Dan Nature Reserve – one of the finest examples of a biblical city and the capital of the Northern Kingdom, Dan’s “Abraham Gate” (Gen. 14:14) is the second-oldest arch in the world. Also visit the Israelite gateway and the High Place of Jeroboam in their tranquil Dan River setting.
Katzrin – a Talmudic-era Golan Heights village, Katzrin’s reconstructed house and synagogue create a three-dimensional perspective on ancient life.
Gamla Nature Reserve – called “the Massada of the north” because of Josephus’ description of its famous last stand, a hike leads to Gamla, which boasts remains of the earliest synagogue ever found, ramparts that held back the Romans, and olive presses that were the town’s livelihood.
Umm el-Qanatir – a Talmudic-era town with unusual synagogue remains and unique finds, this site is now undergoing excavation using cutting-edge techniques and technology.
From the Negev to Eilat.
Be'er-Sheba National Park – this city that Abraham founded (Gen. 21:31) marked the southern border of biblical Israel (1 Sam. 3:20). Beersheba also shows fascinating evidence of urban planning from the time of the Judean monarchy, a unique water system and other finds that, along with its biblical significance, have accorded Beersheba a place on UNESCO’s list of World Heritage Sites.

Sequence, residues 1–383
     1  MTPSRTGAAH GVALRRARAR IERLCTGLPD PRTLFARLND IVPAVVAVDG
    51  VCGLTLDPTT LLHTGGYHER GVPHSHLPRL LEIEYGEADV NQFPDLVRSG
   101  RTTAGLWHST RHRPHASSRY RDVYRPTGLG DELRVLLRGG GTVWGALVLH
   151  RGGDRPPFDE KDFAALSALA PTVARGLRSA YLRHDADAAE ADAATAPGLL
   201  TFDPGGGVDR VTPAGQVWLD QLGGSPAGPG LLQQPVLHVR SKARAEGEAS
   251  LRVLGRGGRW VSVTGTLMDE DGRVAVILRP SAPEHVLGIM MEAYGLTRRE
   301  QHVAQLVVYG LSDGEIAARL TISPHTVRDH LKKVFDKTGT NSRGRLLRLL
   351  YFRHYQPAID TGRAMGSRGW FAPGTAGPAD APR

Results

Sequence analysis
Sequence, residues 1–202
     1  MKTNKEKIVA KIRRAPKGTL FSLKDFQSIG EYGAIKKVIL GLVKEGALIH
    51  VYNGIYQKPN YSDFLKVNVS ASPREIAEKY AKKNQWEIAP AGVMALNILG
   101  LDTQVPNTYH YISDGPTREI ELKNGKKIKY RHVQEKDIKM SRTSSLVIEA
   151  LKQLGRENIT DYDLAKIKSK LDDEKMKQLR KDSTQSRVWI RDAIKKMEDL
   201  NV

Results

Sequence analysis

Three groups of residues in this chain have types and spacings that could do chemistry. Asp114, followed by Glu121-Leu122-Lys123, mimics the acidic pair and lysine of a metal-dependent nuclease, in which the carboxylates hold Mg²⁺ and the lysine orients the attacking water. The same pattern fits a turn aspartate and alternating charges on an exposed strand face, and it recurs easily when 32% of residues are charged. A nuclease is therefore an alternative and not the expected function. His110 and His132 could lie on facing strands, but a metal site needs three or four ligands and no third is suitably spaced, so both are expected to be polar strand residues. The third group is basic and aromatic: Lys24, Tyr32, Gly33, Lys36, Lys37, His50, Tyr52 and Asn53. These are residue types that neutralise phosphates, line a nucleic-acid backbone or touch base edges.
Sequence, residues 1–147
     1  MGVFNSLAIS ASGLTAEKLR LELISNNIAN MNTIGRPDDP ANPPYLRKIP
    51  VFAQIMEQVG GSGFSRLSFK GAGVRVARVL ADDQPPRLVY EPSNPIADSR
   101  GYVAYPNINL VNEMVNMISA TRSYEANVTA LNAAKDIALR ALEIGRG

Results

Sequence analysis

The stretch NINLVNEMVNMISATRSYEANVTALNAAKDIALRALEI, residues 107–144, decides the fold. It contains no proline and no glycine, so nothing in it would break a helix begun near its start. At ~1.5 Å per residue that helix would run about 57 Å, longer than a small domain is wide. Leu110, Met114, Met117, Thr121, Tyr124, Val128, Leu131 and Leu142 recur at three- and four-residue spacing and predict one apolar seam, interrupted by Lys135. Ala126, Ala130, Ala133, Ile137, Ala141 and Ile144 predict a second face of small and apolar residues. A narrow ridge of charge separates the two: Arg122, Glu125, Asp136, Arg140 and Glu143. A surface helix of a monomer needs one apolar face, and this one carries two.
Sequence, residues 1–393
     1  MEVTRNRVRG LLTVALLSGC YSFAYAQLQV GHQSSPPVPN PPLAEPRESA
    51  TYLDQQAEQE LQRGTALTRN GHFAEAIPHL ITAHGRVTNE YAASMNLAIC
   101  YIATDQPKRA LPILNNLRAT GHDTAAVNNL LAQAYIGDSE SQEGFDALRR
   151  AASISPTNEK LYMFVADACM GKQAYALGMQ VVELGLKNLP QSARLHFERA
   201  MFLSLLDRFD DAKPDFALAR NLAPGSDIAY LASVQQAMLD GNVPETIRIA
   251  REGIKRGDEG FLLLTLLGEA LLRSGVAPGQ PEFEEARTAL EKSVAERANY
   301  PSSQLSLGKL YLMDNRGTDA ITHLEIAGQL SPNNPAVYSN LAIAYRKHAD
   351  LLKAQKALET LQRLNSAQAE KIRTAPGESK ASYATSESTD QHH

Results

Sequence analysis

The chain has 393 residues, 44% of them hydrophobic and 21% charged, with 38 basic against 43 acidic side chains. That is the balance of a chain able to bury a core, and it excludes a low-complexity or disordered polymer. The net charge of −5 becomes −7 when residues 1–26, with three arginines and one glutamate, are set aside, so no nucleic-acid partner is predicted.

Avdat National Park – an important stop on the Incense Route, and a World Heritage Site, Avdat’s Nabatean temple, which was converted into a church, reveals a fabulous Negev panorama, while its wine-press reveals the inhabitants’ uncanny skill at cultivating the desert and ancient private dwellings and tombs complete the picture.
The Uvda Valley – containing over 150 prehistoric and early settlement sites, including the Nahal Asharun site and the Leopard Temple.
Eilat, Timna Park and Northward.
Eilat – best known for its contemporary attractions as Israel’s Red Sea Riviera, Eilat and its environs also boast a selection of off-the-beaten track archaeological sites, among them: the Shahmon Site Bronze Age tumuli and temple; the Eilot eighth-century Early Islamic village and copper smelting site; the Wadi Tawachin grinding site (possibly for gold); the Samar Neolithic desert kites (ancient gazelle-hunting traps); the Dapit Nabatean and Roman caravansary; the Evrona eighth-century chain well and farmhouse and more.
Timna Park – a geological and archaeological wonderland including an ancient copper-mine shaft; Solomon’s Pillars – a natural formation featuring a carving of the goddess Hathor and Hathor’s shrine; the chariot carving and the multimedia presentation “The Mines of Time” and even an artificial lake.
Head north on road 90 via the Late Roman Fortress at Yotvata, and then via road 13 to Makhtesh Ramon, seeing Roman milestones and the Nabatean caravansary at Ein Saharonim, or via the dramatic Scorpion Ascent (on road 227) following an ancient Roman route across the Negev to the Great Makhtesh and Mamshit National Park, a well-preserved Nabatean city along the UNESCO World Heritage List Incense Route, including a market, a bathhouse, early churches, mosaics and more.